With tens of thousands of acres aflame in Colorado, many mountain home and property owners are madly working on fire mitigation – but may not know they can get both tax breaks and grant money to help.
State law provides a write-off on the Colorado tax return for 50 percent of wildfire-mitigation costs, up to $2,500 annually, from 2009 through 2013.
The write-offs can be applied to “actual” out-of-pocket expenses, including hiring tree-cutting services and paying for chain saws. So there’s little help for the thousands of landowners working up a sweat, personally hauling logs and branches off their own mountain properties to reduce fire danger. In other words, one’s own labor doesn’t count.
The law has received almost no publicity since it passed in 2008.
The work must be authorized by a Community Wildfire Protection Plan, and the work must have been done after the local plan was approved. Colorado has 196 approved Community Wildfire Protection Plans, and they call for defensible space around many of the state’s houses in the areas where urban living meets the forest.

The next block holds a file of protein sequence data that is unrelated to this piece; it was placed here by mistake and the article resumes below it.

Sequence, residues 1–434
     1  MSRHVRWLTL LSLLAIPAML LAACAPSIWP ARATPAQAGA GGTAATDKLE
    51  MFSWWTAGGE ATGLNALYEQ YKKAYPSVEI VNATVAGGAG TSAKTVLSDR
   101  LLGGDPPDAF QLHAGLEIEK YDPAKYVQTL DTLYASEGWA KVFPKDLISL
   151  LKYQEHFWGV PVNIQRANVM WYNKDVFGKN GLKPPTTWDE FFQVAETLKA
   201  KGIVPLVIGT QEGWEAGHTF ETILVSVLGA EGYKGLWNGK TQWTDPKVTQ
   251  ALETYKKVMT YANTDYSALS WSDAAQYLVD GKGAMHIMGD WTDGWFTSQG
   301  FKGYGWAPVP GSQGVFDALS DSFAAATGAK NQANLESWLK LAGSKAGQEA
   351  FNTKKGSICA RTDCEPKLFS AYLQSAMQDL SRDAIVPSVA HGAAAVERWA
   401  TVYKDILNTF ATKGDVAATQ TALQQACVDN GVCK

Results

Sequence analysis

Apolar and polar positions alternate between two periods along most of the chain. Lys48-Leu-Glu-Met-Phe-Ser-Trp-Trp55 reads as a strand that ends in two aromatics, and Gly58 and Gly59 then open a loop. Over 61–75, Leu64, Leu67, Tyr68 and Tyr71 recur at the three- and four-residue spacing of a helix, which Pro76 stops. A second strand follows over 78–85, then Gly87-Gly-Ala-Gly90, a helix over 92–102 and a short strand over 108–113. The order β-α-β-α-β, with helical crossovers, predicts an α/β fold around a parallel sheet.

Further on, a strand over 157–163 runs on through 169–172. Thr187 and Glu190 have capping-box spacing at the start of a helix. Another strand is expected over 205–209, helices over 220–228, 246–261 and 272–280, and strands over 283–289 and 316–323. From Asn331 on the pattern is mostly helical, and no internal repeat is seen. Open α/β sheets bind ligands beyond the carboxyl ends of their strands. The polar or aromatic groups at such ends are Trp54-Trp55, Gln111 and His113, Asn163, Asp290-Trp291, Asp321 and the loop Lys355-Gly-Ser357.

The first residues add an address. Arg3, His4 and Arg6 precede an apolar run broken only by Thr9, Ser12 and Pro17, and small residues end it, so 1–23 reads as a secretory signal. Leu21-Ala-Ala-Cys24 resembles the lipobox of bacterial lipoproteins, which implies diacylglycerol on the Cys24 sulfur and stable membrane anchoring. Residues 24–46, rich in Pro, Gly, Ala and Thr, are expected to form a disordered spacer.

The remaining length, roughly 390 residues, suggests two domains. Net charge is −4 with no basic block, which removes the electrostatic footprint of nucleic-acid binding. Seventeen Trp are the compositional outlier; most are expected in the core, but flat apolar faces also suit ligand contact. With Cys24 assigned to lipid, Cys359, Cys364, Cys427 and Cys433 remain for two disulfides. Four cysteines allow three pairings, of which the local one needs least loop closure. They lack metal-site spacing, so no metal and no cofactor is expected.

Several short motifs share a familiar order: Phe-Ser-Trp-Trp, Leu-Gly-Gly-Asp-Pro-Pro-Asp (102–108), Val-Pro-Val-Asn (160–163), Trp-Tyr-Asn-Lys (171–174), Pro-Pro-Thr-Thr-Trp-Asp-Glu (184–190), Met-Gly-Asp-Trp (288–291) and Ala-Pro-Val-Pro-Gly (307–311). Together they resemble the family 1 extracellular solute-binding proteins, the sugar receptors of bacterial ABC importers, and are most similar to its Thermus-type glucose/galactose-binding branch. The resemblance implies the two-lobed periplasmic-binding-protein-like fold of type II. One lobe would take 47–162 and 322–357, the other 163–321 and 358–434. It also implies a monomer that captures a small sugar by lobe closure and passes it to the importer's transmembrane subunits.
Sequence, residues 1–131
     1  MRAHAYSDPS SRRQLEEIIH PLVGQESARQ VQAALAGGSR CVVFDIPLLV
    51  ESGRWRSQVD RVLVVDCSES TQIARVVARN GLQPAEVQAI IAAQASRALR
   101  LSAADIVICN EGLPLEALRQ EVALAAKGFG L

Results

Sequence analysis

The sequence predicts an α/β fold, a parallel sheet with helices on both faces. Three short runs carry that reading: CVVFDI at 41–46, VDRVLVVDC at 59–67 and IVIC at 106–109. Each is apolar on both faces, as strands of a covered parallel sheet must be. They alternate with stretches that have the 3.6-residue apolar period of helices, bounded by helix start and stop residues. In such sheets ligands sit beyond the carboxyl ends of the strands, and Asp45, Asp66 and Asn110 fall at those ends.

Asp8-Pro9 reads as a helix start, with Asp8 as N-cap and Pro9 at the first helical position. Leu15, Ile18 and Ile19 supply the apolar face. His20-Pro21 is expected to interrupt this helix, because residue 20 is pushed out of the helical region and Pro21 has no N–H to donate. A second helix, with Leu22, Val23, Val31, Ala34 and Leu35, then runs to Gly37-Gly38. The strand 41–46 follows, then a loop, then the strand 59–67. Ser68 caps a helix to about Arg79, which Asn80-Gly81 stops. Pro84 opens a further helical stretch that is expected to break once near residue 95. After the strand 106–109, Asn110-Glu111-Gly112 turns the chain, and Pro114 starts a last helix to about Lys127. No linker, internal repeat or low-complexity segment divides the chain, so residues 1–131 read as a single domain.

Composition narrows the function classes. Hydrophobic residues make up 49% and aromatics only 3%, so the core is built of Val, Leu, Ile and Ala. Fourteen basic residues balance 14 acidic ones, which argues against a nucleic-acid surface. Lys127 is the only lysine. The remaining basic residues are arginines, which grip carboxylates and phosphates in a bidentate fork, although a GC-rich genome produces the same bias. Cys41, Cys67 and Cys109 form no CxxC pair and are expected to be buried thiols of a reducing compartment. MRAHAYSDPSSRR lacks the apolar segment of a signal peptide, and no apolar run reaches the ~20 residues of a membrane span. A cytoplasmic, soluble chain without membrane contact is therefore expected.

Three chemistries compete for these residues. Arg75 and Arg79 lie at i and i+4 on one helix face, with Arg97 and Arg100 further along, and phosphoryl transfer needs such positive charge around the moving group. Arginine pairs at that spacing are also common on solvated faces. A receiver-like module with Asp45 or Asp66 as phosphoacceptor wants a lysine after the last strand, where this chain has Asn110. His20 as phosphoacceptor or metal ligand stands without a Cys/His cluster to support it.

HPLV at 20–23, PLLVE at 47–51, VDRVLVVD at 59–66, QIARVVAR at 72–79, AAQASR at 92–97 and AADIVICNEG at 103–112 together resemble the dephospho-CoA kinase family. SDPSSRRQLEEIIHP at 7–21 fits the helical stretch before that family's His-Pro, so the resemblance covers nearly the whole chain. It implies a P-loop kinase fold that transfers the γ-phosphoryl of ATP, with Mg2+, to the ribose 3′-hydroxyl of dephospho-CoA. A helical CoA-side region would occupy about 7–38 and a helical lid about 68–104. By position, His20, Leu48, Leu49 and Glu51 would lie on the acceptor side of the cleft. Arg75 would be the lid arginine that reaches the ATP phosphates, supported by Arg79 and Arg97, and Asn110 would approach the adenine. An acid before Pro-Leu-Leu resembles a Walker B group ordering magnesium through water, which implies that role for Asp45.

The law was sponsored by then-legislators Rob Witwer and Mike Kopp, who represented districts that included the mountainous Conifer/Evergreen communities southwest of Denver.
Witwer said the bill passed despite the cost to the strapped state budget after he argued the entire state pays the bill when forests burn.
For example, he said, the 2002 Hayman Fire west of Colorado Springs has cost metro Denver residents tens of millions of dollars on their bills from Denver Water, for work the utility has done to deal with sediment from burned slopes ending up in reservoirs.
Landowners and homeowners associations also can apply for grants to assist their wildfire-mitigation projects. Applications are available at the Colorado State Forest Service website, and they must be received by mail by 4 p.m. July 20.
Dan Gibbs, a former state senator from Breckenridge who sponsored the bill creating the grant program, said about 20 of the 25 applications this year received funding, with approvals generally going to areas with existing homes, not new developments.
“I would love to see 400” applications this year, said Gibbs, now a Summit County commissioner.